PhD Degree in Counseling (PhD)

Doctoral degrees in counseling can consist of anywhere between 90 and 120 credit hours and often take full-time students five to seven years to complete. Every curriculum is different, but most are designed to provide students with a much more comprehensive assessment of the field. Instructors also place an emphasis on enhancing the skills necessary to be successful, especially in relation to research.

This type of degree is not considered a standard requirement for employment, but it may be necessary in order to practice in certain specialty areas within the field, such as for psychiatrists who prescribe medications. Doctorates are also helpful for professionals who intend to pursue leadership positions or jobs in academia. Graduates will likely have access to some of the most prestigious career opportunities in research and/or education at the postsecondary level.

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Become a Counselor in Louisiana

The first step to becoming a counselor in Louisiana is deciding which area of counseling you wish to pursue. As previously mentioned, there are many different types of professionals in this field, from career counselors to addiction counselors. Identifying the kind of service you want to provide, as well as who you want to provide them to, will help you plot a reasonable course toward your ideal career. For example, professional counselors typically require master’s degrees in mental health or a related field, while marriage and family therapists require master’s degrees in marriage and family therapy or a related field. Ultimately, the type of degree and license you need will depend on your goals. Once you know what these are, it should become much easier to select a degree program.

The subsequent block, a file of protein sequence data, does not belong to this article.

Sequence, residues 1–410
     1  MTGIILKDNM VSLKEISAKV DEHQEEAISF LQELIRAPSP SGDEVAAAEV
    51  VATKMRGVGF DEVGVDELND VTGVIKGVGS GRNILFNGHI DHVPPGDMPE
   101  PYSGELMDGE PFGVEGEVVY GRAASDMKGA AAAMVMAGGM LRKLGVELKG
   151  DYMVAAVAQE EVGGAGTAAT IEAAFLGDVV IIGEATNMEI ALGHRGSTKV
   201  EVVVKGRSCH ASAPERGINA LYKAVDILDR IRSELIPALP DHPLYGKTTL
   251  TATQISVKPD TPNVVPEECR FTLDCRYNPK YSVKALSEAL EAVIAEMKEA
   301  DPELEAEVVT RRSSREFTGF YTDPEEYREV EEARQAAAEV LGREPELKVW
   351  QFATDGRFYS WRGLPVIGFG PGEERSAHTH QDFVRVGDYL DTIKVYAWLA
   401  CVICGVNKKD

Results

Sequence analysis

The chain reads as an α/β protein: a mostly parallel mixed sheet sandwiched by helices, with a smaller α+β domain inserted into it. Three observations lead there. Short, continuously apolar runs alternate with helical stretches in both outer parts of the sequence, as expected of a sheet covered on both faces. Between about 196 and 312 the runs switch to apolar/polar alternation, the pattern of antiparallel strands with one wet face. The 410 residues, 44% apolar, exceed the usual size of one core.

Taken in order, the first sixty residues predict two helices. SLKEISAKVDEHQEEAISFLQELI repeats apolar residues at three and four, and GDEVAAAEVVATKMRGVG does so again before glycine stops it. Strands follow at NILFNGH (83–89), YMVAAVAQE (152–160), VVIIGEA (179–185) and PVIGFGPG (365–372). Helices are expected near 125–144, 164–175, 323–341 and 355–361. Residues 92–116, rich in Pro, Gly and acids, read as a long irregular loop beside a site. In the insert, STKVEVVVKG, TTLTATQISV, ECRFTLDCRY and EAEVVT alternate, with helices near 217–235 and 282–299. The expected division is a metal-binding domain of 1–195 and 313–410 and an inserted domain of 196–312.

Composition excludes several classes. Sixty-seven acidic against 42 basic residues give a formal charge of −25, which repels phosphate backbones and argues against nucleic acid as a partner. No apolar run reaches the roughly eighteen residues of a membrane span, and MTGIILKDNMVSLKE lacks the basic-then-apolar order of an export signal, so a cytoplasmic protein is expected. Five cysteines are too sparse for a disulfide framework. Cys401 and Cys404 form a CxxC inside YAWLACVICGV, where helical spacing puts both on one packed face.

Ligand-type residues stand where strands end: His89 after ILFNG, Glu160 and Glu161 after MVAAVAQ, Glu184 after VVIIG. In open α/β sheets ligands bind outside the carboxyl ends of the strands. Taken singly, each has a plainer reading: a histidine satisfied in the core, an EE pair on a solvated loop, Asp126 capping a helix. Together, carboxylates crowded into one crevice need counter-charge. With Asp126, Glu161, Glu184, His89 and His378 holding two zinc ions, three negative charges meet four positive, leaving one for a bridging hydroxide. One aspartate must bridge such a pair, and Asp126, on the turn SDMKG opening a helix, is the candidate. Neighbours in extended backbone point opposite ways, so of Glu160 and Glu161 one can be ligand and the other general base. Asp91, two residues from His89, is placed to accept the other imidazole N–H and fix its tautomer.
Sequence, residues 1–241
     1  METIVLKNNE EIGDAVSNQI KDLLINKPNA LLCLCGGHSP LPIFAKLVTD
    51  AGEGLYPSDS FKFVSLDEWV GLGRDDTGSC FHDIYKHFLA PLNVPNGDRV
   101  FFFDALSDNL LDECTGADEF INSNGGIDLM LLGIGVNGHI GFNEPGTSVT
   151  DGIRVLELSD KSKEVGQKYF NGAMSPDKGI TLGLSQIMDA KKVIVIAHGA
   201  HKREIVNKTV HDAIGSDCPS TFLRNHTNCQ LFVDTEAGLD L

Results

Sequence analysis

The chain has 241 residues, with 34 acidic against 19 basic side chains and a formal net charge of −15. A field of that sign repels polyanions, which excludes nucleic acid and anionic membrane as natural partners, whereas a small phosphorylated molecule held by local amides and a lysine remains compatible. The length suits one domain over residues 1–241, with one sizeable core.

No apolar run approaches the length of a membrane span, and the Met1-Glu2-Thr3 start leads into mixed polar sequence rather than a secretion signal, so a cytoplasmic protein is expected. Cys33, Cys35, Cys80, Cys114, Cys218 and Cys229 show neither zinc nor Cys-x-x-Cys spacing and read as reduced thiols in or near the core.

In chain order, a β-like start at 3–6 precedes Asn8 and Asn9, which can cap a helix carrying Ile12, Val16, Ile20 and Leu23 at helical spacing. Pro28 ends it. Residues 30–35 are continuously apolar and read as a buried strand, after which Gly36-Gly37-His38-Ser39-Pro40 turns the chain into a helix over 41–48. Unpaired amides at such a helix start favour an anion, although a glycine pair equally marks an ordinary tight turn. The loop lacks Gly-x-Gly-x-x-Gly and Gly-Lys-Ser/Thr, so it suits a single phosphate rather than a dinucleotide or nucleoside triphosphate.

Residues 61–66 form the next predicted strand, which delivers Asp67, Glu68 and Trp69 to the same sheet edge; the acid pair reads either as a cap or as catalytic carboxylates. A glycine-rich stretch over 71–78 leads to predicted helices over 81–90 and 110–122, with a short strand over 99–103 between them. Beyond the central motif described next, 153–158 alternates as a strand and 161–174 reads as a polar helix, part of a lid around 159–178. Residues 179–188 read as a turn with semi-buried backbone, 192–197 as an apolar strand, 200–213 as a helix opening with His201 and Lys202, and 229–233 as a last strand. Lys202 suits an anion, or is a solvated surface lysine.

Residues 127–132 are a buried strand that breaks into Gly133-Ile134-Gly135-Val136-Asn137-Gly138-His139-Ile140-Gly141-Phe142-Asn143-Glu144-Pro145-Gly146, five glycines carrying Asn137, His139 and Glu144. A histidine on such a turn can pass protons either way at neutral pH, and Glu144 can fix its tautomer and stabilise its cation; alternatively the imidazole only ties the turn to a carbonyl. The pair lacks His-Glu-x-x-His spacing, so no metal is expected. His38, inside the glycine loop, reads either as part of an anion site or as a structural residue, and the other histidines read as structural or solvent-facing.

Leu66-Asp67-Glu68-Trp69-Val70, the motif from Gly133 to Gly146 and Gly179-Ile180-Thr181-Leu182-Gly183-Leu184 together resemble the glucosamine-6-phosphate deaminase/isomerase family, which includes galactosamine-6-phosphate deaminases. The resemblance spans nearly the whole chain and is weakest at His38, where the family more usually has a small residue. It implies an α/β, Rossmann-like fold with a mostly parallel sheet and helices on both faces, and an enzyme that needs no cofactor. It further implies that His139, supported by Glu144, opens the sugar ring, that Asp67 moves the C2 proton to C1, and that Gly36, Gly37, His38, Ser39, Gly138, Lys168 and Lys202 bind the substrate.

In Louisiana, most types of counseling require professionals to have graduate degrees and state licensure. There are several different licenses available, depending on the type of counseling practiced. Requirements also vary, making it essential to research your area of interest thoroughly prior to submitting an application.

Those seeking to earn licenses for mental health counseling must go through the Louisiana State Board of Licensed Professional Counselors. Candidates must have at least 60 graduate degree credits in mental health counseling or a related field. The application process is managed through an online portal on the board’s website. The first step is registering as a Provisional Licensed Professional Counselor (PLPC) and accruing supervised experience. After receiving a PLPC license, you will need to earn 3,000 hours of clinical work experience supervised by an approved counseling professional. Candidates must also pass either the National Counselor Exam (NCE) or the National Clinical Mental Health Counselor Examination (NCMHCE).